The House approved earlier this week its FY14 Department of State Operations and Embassy Security Authorization Act (H.R. 2848), which authorizes expenditures for a total of 15 accounts within the International Affairs Budget. If enacted, this authorization bill would be the first Department of State authorization passed by Congress in more than ten years.
While the government shutdown that went into effect October 1 may not have widespread short-term impact on programs funded through the State Department’s International Affairs Account, “major disruption could occur if the closure continues for a prolonged period of time,” the U.S. Global Leadership Coalition (USGLC) reports.
The Department of State made publically available an internal memo sent to Assistant Secretaries and Executive Directors last week that details State Department procedures during the government shutdown that went into effect at midnight.
The House Appropriations Committee on Wednesday released a continuing resolution (CR) that would fund the federal government at current levels through December 15. This CR (H.J. Res. 59) would set government spending at an annual rate of about $986, slightly below the current FY13 level of $988 billion. Opposition from conservative House Republicans, however, has forced the House leadership to pull the bill from floor consideration.
The House of Representatives is likely to take up a short-term, stopgap funding measure (a continuing resolution, or CR) next week, CQ.com reports. Such a measure would avert a government shutdown at the end of this month and is not expected to last more than two to three months. CQ notes that the CR would likely continue discretionary spending into fiscal 2014, which begins on October 1, at current levels:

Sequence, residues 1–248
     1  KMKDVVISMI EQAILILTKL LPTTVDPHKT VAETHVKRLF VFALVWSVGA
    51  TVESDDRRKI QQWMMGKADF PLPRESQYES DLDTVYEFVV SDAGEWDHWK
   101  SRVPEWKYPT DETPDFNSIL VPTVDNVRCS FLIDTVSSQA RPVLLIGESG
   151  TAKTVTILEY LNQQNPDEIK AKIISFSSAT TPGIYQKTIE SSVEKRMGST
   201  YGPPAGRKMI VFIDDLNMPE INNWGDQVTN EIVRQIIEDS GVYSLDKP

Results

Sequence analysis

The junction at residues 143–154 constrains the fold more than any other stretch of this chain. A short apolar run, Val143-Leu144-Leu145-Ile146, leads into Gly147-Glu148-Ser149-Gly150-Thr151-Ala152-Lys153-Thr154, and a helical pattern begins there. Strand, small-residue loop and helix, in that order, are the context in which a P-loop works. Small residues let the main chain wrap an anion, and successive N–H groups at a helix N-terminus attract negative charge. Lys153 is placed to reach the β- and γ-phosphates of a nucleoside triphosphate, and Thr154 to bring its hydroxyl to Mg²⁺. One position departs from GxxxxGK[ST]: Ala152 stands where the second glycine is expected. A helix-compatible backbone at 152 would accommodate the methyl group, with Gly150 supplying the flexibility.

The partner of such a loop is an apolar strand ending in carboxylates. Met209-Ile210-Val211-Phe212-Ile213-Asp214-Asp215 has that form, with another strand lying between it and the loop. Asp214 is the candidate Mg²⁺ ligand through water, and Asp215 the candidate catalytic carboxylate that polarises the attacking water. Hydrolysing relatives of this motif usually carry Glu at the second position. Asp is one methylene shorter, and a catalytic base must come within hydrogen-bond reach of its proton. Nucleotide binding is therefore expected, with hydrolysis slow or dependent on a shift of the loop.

House and Senate Appropriations committees this week approved their respective bills for FY14 State Department funding, including Department of State exchange programs.
The difference between the House and Senate allocation is stark: approximately $156 million.
The Senate Appropriations Committee yesterday approved the 302(b) allocations for fiscal year 2014, providing $50.6 billion for FY14 State-Foreign Operations (SFOPS), and $52.2 billion for the overall International Affairs Budget (essentially level with current funding and similar to the President’s FY 14 request of $52.1), the U.S.
According to a draft schedule currently being circulated by the Senate Appropriations Committee, the panel is planning to mark up eight out of its twelve appropriations bills by mid-July, CQ.com recently reported.
More U.S. colleges and universities are helping finance study abroad experiences for low-income students, a trend that has increased the U.S. study abroad rate, the Chronicle of Higher Education reports.